Bronchiolitis obliterans (BO) is a severe respiratory illness due to the obstruction of the smallest airways of the lungs, the bronchioles. Inhalation of the -diketone diacetyl has been associated with the development of this disease in employees of the microwave popcorn production industry. Exposure of laboratory animals to diacetyl as well as other α-diketones results in airway epithelial injury, ultimately resulting in BO-like lesions. The electrophilic α-diketones interact with arginine residues causing altered structure and functioning of proteins. However, the critical proteins causing the observed toxicity have not yet been identified. Upon severe or repeated exposure to α-diketones the epithelium of the airways becomes severely damaged or the airways become completely denuded. In these injured regions of the airways the intrinsic regenerative capacity of the epithelium, via proliferation of basal cells and subsequent differentiation, is lost. This leads to compensatory proliferation in the adjacent mesenchyme in which fibroblast to myofibroblast transition may take place under the influence of inflammatory signals. Another possible cause of fibrogenesis is through the occurrence of epithelial-mesenchymal transition (EMT) within the injured airway epithelium. Excessive proliferation of fibrotic cells leads to the occlusion of the bronchioles resulting in dry cough, wheezing, shortness of breath and a strongly reduced lung function, the symptoms of BO.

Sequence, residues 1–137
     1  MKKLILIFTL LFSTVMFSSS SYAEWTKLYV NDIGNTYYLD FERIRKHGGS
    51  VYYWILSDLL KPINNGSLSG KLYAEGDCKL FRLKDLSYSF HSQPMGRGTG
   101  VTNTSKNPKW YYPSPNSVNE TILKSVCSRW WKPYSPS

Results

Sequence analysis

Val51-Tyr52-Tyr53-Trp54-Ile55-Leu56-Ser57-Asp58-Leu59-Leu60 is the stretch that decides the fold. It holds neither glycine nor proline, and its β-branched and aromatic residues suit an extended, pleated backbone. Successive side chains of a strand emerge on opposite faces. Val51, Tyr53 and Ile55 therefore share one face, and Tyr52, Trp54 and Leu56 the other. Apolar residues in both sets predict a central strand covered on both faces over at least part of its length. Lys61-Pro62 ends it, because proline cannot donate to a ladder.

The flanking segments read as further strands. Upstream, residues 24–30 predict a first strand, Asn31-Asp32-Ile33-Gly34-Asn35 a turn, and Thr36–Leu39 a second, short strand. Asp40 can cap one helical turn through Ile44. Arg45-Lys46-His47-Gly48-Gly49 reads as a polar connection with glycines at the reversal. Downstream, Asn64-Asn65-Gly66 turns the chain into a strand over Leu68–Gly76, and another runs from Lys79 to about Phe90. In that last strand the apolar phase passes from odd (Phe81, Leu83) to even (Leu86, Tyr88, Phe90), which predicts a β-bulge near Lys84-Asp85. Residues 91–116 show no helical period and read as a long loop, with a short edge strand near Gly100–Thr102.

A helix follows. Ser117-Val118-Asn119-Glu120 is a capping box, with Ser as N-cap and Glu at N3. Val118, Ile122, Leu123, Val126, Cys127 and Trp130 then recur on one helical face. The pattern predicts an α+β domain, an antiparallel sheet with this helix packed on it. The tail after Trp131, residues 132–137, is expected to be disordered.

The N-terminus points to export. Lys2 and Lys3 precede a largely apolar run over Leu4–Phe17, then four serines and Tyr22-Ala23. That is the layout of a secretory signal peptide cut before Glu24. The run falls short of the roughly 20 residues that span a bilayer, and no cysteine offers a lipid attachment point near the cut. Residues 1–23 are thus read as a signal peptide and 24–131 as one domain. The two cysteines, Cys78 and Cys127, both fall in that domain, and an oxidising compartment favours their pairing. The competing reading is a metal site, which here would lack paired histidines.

This AOP is linked to EU-ToxRisk case study “ RDT: Popcorn Lung – read-across on diketones” in which the effects of α-diketone exposures are investigated using ex-vivo human precision cut lung slices and primary human bronchial epithelial cells cultured at the air-liquid interface.